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Echo, Ringing-in-the-Ears.
Alternate meaning: Sound.
[to Whom the nineteenth day of June, day 170, is dedicated]

Geography/Culture: Greek. She is especially associated with Mount Helicon.
Linguistic Note: Greek eta-chi-omega, (echo), 1) 'a sound', but properly of a returned sound. 2) generally, a ringing sound. A ringing in the ears. Also: eta-chi-eta, (eche), 1) a sound or noise of any sort. 2) the roar of the sea, the groaning of trees in a wind. 3) a cry of sorrow. Related English words: echo, echoic, echoism, echolalia.
Description: Nymph Goddess of mountains, lonely glens, glacial lakes and sad songs; {Presider over all accoustic phenomena and sonar}; She Whose voice is heard in the groaning of trees; She Who cannot speak till spoken to; Consoler of rejected and grieving lovers.
The story of Her love for Narcissus and Her pining away till only the 'sound' of Her voice remained is said to have evolved from the personification of the original meaning of Her name.
To Whom Sacred: narcissus (the flower which Her beloved became at his death: Greek narkissos, from narke, 'numb', origin of narcotic, an effect which the flower was supposed to have); wryneck; {bat; whale}; rocks (which are Her bones); echos.
Male Associates: seducer, Pan, Pasture. She loved Narcissus, Benumbing or Narcotic. Source: Encyc Brit v8 884a; Graves GMv1 101, 190, 287; Shipley DWO 246.
Lynx, Wryneck.

Geography/Culture: Greek
Description: Prophetic caster of spells, perhaps especially love charms.
To Whom Sacred: wryneck, also called snake-bird or cuckoo's-mate (into which, it is said, She was turned by Hera); oracular wheel, called iynge, 'wryneck', (worked by a rope).
{Add this to the Her Sacred Symbols: The wryneck is a spring migrant which hisses like a snake, lies flat along a bough, erects its crest when angry, writhes its neck about, lays white eggs, eats ants, has v-shaped markings on its feathers (like those on the scales of oracular serpents) and always nests in willow-trees. It is the prime orgiastic and erotic bird of the Goddess.} Source:Graves GMv1 192; Graves WG 173-4, 193, 255.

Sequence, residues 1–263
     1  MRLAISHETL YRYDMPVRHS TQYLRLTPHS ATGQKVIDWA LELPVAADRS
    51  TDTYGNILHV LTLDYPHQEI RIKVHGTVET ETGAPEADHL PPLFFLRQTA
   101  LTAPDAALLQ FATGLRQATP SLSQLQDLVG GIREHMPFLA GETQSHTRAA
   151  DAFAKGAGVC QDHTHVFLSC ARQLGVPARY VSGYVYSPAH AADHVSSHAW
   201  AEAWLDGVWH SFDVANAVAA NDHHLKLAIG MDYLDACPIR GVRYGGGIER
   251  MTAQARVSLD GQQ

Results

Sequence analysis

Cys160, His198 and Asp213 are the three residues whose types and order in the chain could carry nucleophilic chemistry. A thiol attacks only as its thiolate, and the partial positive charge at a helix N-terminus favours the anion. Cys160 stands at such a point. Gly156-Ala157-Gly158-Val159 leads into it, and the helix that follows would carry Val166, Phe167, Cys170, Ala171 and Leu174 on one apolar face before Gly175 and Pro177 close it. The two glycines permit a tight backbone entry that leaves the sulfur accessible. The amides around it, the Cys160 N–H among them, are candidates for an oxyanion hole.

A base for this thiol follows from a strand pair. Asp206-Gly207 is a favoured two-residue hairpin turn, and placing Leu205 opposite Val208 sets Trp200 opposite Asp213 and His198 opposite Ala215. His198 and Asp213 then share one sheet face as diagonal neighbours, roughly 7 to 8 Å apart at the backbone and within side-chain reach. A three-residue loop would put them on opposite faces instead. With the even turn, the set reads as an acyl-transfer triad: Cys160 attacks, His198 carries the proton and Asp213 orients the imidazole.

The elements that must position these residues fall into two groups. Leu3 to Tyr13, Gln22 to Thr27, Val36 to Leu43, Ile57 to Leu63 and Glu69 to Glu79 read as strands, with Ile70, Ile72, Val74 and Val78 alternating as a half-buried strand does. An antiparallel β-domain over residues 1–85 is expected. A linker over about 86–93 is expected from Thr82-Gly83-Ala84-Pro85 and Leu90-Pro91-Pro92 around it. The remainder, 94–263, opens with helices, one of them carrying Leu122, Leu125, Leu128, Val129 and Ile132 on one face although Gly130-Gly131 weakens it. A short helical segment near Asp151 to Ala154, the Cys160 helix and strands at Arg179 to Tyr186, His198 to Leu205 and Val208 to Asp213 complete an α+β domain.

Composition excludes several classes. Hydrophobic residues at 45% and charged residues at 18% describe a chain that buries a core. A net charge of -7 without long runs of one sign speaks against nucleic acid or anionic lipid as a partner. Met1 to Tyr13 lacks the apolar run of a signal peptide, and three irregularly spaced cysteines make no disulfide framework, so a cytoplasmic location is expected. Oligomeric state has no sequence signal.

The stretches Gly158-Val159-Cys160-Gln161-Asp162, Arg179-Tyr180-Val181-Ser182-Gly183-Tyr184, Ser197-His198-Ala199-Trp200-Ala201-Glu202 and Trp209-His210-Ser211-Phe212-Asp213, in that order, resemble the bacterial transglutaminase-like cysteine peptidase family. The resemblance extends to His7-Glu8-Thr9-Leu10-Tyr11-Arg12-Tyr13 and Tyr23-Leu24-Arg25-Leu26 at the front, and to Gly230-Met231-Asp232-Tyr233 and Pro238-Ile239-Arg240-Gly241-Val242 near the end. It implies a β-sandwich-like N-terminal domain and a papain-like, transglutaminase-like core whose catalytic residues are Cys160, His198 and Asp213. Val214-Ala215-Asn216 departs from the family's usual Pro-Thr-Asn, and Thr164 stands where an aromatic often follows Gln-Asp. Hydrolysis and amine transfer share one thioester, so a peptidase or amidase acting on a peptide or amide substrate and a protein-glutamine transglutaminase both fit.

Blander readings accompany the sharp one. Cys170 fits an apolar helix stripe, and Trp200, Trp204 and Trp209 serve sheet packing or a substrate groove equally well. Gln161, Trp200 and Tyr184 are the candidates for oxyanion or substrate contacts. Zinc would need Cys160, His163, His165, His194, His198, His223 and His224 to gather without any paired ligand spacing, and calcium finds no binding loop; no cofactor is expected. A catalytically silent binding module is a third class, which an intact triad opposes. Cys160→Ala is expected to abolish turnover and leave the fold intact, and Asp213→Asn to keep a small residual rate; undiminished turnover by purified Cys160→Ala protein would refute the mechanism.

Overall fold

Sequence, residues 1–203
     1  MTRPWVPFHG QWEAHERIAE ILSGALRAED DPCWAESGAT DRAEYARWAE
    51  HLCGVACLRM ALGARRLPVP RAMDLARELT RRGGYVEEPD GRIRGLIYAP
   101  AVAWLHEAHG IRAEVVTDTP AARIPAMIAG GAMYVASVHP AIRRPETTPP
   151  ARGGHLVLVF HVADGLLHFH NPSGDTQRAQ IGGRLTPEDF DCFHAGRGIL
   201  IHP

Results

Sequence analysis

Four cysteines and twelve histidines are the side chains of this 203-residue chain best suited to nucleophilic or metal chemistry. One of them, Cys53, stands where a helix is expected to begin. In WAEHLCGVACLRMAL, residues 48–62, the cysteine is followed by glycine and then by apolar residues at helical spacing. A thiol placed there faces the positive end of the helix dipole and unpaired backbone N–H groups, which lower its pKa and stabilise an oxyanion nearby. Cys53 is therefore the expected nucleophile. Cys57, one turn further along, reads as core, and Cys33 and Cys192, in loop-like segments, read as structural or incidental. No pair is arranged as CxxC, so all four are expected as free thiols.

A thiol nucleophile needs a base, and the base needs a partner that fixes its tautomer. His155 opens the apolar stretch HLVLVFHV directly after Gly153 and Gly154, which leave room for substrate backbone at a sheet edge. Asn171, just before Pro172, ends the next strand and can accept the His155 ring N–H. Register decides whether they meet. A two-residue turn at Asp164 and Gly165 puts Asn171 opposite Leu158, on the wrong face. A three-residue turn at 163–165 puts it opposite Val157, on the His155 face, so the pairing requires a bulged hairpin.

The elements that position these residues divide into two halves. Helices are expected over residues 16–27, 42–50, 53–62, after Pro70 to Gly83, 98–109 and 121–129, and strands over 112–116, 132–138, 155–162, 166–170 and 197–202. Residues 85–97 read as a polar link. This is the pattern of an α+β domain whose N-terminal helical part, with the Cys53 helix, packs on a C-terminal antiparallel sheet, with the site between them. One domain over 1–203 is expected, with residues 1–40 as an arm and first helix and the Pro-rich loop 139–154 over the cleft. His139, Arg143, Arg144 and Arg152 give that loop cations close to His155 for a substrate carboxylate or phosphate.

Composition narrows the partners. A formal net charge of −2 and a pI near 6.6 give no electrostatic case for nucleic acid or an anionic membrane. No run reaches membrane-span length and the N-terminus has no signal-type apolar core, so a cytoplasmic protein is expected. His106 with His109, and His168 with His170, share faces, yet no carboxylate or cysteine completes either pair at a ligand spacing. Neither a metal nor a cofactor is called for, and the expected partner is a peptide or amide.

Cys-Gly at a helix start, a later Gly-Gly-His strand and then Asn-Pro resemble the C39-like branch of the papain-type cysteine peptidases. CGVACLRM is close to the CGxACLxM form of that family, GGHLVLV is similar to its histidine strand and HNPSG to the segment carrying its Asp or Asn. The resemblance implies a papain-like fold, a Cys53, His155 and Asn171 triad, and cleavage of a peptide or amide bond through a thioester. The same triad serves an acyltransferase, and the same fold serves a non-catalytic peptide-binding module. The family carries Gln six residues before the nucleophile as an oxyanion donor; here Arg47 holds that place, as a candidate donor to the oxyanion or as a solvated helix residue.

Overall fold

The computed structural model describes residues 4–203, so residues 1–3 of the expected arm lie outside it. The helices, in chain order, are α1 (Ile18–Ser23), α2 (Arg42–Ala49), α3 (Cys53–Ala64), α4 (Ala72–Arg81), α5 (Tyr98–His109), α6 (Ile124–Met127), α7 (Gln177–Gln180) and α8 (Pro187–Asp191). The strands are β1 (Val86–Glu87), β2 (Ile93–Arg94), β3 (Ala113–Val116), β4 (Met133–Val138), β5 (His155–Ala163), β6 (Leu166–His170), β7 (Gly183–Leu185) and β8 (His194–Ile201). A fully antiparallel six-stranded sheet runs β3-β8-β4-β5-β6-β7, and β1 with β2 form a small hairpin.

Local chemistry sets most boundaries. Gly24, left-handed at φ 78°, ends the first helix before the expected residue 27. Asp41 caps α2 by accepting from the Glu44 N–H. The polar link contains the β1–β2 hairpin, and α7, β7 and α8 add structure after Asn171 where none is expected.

Oreades, Mountain-Nymphs.

Geography/Culture: Greek.
Description: Nymph Goddesses of of mountains, rocks and grottos.
To Whom Sacred: song; weaving (they wore robes woven in caves on looms visible only to the clairvoyant); belts left on rocks; the anointing of rocks with fragrant oils; offerings left in caves. Source: Monaghan BGH 230; KD.WWGRM/171.
Syrinx, Reed.

Alternate meaning: Pan-Pipes.

Geography/Culture: Greek: Arcadian.
Linguistic Note: the alternate meaning is of course derived from Her story and not the meaning at all!
Description: Shapeshifting Goddess of fresh-water, music, the pastoral life and sheep-tending; Virgin huntress.
To Whom Sacred: reed-bed; reed [bull-rush?]; the syrinx, (ie: shepherd's flute or Pan-pipes).
Male Associate: When pursued by Pan She changed into a reed which he cut into varying lengths, and bound together producing the pipe by the playing of which he remembers Her. Source: Graves GMv1 101-2; New Larousse EM 149, 161; Kravitz WWGRM 218.
printed June 1990 -- worked on July, July 1990; July, August 1991; June 1995
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